Draghi ties Lagarde’s hands with promise of indefinite stimulus

FRANKFURT: European Central Bank chief Mario Draghi pledged indefinite stimulus to revive an ailing euro zone economy, tying the hands of his successor for years to come and sparking an immediate conflict with US President Donald Trump.
As Draghi’s eight-year mandate nears its close, the ECB cut rates deeper into negative territory and promised bond purchases with no end-date to push borrowing costs even lower, hoping to kick-start activity nearly a decade after the bloc’s debt crisis.
The bigger-than-expected stimulus will increase pressure on the US Federal Reserve and Bank of Japan to ease policy next week to support a world economy increasingly characterised by low growth and protectionist threats to free trade.
“You remember me saying that all instruments were on the table, ready to be used. Well, today we did it,” Draghi told a news conference.
Yet there were doubts, even within the ECB itself, as to whether the latest measures — most of the few remaining tools in its monetary policy arsenal — would be enough to stoke a euro zone recovery in the face of a US-China trade war and possible disruption from Brexit.
Draghi faced faced pushback from the representatives of Germany and France as well as at least one of his own board members when he pushed for resuming the ECB’s bond-buying programme, three sources told Reuters.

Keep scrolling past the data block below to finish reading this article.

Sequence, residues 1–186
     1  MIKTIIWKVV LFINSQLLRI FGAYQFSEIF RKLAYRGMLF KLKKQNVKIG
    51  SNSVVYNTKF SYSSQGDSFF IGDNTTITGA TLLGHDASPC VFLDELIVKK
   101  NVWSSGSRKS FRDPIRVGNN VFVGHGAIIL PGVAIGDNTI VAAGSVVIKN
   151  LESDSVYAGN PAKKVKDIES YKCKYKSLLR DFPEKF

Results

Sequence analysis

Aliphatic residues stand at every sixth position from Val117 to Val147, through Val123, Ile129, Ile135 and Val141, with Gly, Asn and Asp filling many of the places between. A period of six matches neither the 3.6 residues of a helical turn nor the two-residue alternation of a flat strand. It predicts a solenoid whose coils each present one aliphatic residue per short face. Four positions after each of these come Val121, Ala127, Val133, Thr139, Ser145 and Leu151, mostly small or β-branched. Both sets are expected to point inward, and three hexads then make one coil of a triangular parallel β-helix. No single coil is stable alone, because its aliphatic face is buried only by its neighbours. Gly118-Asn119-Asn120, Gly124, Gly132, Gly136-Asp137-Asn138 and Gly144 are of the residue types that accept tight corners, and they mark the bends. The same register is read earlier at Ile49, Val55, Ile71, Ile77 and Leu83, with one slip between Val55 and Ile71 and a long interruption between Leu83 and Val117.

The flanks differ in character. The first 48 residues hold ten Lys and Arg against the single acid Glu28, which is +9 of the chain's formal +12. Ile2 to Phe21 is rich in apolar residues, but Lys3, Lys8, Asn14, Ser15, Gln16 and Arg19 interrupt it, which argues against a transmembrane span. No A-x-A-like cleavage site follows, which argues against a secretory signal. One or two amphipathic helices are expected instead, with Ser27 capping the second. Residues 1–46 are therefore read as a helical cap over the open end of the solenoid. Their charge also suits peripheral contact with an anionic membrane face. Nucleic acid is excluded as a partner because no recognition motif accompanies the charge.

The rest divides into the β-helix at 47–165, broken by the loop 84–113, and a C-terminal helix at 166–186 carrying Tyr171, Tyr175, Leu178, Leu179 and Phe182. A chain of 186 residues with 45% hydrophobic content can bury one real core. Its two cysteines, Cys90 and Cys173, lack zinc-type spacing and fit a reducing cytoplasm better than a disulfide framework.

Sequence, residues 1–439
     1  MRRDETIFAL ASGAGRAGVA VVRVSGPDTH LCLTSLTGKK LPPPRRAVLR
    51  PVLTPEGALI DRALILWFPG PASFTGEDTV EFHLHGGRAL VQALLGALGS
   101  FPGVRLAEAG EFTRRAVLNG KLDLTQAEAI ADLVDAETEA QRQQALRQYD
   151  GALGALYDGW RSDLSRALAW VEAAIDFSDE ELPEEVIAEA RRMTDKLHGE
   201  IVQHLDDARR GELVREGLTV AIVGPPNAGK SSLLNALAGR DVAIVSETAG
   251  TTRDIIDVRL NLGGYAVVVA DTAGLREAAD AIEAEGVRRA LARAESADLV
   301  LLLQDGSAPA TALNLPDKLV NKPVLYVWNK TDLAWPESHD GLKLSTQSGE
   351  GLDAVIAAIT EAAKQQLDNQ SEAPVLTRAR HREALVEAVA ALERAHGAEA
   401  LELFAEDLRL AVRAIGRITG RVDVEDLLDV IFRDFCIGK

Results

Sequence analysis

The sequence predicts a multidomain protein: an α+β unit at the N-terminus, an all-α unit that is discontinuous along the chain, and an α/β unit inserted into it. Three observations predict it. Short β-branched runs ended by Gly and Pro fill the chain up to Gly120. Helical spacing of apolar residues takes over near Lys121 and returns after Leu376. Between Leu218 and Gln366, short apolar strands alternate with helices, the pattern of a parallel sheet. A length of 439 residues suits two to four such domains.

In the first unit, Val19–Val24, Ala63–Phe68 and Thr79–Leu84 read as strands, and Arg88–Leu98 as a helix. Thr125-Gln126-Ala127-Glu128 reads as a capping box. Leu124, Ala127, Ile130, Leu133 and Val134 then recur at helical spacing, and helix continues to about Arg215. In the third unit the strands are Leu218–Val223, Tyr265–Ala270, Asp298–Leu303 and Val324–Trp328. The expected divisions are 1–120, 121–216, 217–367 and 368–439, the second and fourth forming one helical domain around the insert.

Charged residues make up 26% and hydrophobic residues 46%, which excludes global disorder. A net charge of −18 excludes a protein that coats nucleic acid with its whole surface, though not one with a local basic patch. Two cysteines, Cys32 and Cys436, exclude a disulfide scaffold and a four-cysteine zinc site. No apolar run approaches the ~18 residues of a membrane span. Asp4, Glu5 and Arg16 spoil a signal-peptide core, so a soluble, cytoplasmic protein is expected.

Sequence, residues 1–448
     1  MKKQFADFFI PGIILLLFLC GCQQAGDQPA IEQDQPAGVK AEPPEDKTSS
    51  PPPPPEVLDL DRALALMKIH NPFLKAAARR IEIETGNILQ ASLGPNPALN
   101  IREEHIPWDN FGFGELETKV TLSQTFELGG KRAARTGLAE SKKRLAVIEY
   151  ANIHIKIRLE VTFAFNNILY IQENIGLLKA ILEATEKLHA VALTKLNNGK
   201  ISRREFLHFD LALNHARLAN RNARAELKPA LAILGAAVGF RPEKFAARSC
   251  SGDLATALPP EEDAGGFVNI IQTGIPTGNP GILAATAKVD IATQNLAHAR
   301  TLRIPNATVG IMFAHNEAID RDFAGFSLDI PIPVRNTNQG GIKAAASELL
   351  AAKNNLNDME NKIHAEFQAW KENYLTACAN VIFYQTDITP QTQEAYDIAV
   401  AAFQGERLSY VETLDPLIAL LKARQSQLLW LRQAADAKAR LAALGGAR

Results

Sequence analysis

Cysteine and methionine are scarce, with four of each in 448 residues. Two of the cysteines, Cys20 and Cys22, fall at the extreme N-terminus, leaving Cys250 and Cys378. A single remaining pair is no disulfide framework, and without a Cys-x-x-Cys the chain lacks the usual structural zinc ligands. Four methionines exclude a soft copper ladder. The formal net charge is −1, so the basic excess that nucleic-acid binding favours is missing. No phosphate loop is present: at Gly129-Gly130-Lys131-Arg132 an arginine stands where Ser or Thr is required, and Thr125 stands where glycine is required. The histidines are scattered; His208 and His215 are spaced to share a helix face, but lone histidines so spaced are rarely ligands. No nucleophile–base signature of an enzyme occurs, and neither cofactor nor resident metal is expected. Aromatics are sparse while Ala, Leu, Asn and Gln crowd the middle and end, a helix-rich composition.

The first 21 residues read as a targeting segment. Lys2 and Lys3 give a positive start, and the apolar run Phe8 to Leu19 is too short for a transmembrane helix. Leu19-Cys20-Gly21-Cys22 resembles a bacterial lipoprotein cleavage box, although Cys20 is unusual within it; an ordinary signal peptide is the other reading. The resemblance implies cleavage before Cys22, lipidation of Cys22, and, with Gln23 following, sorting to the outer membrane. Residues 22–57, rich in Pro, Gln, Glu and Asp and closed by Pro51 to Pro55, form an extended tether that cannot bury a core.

Thursday’s moves also infuriated Trump, who just this week called on the US Fed to adopt a negative-rate policy.
“They are trying, and succeeding, in depreciating the Euro against the VERY strong Dollar, hurting US exports…. And the Fed sits, and sits, and sits. They get paid to borrow money, while we are paying interest!” Trump tweeted.

A 10 basis point cut in the ECB’s deposit rate to -0.5 per cent was fully expected but the revived bond purchases exceeded many expectations because they are set to run until “shortly before” the ECB raises interest rates.
Given that markets do not expect rates to rise for nearly a decade, such a formulation suggests that purchases could go on for years, possibly through most of Christine Lagarde’s term leading the bank.
“Today’s decisions have anchored and enshrined the Draghi legacy in future ECB decisions,” ING economist Carsten Brzeski said.
“Whatever it takes has just been extended by as long as it takes,” Brzeski said, referring to the 2012 speech in which Draghi promised to do “whatever it takes” to save the euro, a bold move credited with holding the crisis-hit bloc together.
While conservative ECB policymakers had spoken out against more bond purchases in recent weeks, the decision suggests some of them eventually agreed, giving Draghi a majority for what is probably his last major policy move.
Underlining the need for action, the ECB cut its growth projections for this year and next, predicting growth at just above 1 per cent, below what is considered its natural potential.
The ECB’s decision triggered a rally in euro zone bonds that will cut the cost of borrowing across the 19 countries that use the euro. The single currency itself firmed a touch after wild price swings during Draghi’s news conference.
A simple rate cut would have increased the cost to commercial banks of parking their more than 1 trillion euros worth of excess reserves safely at the ECB, a dangerous move since banks transmit the bulk of its policy to the real economy. — Reuters